This revelation came out at the opening of the inquiry which resumed on Tuesday in Pretoria.
Judge Robert Nugent, who is heading the commission, asked SARS official Dr Randall Carolissen during his presentation if he was aware that the organisation “reek[ed] of fear”, and that some people were unwilling to come forward to give evidence for fear of reprisals.
“People have point black refused to come and talk to us. I can compel them, but they remain fearful,” said Nugent.
Carolissen admitted that “people have become fearful, and trust has been eroded”, stating that the situation had been raised at executive level. Assurances had been given that there would be no consequences for coming forward, he said.
He did not reveal the basis for these fears or any specific people that staff were afraid of.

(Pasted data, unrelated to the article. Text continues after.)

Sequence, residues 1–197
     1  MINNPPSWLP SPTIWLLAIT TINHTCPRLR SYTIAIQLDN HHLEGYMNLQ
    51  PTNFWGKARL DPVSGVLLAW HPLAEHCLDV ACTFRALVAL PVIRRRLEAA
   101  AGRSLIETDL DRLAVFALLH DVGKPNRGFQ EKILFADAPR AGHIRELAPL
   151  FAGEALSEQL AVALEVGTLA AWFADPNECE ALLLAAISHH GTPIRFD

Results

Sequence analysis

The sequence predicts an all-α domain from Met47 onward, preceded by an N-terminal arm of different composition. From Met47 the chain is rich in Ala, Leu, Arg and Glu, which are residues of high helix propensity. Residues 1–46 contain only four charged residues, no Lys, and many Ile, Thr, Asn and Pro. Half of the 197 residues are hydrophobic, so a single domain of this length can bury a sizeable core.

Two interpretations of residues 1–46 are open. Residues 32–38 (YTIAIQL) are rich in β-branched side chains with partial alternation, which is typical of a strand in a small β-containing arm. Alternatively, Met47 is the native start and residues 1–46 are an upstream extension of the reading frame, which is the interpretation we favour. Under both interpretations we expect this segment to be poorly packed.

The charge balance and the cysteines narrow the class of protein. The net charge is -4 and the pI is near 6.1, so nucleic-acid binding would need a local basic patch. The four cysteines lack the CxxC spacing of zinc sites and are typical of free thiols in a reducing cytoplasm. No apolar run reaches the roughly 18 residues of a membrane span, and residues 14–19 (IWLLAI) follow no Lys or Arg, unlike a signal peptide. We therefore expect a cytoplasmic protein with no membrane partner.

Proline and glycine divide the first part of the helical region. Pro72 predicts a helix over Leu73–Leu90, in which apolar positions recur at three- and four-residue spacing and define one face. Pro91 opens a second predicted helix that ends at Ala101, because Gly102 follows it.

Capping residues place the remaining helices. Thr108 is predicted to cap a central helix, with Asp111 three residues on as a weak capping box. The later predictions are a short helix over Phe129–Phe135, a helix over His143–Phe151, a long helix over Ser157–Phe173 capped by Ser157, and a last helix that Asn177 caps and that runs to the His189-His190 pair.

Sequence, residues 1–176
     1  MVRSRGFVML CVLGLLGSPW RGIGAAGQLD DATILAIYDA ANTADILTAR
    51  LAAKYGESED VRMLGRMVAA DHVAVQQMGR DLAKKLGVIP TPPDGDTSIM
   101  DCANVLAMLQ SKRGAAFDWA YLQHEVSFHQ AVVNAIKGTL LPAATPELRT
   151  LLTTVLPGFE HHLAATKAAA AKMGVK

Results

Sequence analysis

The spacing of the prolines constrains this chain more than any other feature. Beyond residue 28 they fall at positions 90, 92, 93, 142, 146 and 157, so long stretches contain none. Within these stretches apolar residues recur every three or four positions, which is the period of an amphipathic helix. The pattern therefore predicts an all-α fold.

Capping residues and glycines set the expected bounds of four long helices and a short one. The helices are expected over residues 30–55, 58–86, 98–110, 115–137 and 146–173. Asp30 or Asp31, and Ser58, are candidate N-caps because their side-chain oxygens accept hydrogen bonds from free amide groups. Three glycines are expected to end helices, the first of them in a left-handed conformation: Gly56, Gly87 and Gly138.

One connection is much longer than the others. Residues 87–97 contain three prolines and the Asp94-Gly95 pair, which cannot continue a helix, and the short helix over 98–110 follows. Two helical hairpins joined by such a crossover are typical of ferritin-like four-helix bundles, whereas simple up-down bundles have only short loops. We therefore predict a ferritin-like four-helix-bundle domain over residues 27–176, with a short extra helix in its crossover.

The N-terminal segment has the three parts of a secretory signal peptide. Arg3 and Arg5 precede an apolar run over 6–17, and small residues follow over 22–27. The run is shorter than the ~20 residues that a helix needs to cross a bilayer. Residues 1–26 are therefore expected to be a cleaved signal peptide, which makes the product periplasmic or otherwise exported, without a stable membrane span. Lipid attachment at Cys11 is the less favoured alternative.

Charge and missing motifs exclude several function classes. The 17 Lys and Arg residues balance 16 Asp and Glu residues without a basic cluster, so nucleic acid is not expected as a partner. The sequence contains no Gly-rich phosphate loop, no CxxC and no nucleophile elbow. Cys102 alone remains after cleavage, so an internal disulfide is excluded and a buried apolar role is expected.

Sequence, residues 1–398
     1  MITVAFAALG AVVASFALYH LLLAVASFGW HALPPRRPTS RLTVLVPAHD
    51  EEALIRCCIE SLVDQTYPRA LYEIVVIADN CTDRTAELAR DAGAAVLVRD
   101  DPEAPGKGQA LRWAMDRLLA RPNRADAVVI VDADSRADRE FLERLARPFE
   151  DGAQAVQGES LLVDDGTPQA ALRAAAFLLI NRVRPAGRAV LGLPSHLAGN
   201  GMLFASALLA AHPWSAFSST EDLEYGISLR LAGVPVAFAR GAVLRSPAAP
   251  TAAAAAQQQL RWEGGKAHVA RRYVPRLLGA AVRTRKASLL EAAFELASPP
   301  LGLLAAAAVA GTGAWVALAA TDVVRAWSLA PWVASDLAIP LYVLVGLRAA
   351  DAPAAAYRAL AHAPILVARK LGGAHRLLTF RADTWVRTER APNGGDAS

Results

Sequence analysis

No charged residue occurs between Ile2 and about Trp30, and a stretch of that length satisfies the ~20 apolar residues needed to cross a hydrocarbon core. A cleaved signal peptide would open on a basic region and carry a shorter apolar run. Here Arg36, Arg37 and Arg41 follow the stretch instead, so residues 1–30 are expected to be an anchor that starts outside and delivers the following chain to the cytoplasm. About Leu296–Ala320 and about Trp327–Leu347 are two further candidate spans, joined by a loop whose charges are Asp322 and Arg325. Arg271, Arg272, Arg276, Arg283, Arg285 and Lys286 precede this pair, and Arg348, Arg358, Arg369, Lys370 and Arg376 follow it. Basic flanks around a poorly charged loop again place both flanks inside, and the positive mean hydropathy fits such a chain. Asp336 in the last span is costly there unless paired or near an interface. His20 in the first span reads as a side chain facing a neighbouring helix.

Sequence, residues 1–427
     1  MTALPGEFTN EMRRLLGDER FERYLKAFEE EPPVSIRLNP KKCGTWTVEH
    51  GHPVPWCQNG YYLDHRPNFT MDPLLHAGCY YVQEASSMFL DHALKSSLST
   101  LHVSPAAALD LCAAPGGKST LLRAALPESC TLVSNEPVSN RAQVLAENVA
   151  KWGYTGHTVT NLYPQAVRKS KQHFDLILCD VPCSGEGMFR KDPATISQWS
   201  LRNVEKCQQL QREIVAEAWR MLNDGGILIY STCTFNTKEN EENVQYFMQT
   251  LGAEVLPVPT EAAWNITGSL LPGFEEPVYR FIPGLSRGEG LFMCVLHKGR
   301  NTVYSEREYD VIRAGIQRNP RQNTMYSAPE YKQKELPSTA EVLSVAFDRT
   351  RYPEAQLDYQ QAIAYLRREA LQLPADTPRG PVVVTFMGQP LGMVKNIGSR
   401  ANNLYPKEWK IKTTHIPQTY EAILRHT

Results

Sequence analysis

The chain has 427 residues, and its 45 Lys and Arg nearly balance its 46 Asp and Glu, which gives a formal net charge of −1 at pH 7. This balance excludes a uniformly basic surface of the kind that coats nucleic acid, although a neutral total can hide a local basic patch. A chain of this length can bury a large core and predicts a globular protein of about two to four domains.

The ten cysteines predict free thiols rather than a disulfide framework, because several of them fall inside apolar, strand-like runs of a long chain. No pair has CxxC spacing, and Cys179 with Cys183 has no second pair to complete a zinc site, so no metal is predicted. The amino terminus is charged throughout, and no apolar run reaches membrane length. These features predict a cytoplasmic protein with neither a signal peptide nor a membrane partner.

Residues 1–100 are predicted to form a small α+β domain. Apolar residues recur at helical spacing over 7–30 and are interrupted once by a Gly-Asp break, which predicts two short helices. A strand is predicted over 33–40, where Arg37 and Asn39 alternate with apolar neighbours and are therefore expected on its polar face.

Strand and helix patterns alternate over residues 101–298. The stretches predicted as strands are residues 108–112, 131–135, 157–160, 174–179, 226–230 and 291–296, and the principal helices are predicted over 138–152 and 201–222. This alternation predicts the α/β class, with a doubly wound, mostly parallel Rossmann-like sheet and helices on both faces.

Carolissen, who heads Revenue Planning, Analysis and Reporting at SARS, went on to say that the level of fear was indicative of a group suffering from a level of post-traumatic stress syndrome, due to what the organisation had gone through.
The inquiry, which began its work in June, was appointed by President Cyril Ramaphosa after he suspended former SARS boss Tom Moyane, following a breakdown of trust in his running of the organisation.
The inquiry is also tasked with probing allegations of financial misconduct at the tax service, including a shortfall of R50bn between 2014 and 2018 under Moyane.
Nugent dismissed reports that the commission would also investigate the work or existence of the so called ‘rogue unit’, rejecting the suggestion as an attempt to divert the inquiry from its work.
“We are not going to bother ourselves with what a group of six people got up to. It does not form part of our work.
“If anyone feels that that they have any information of people spying on other people, they must take it to the police,” he stressed.
Other people set to give evidence include the executive for tax and customs compliance risk Thabelo Malovhele and Fareed Khan, executive for enforcement audits. DM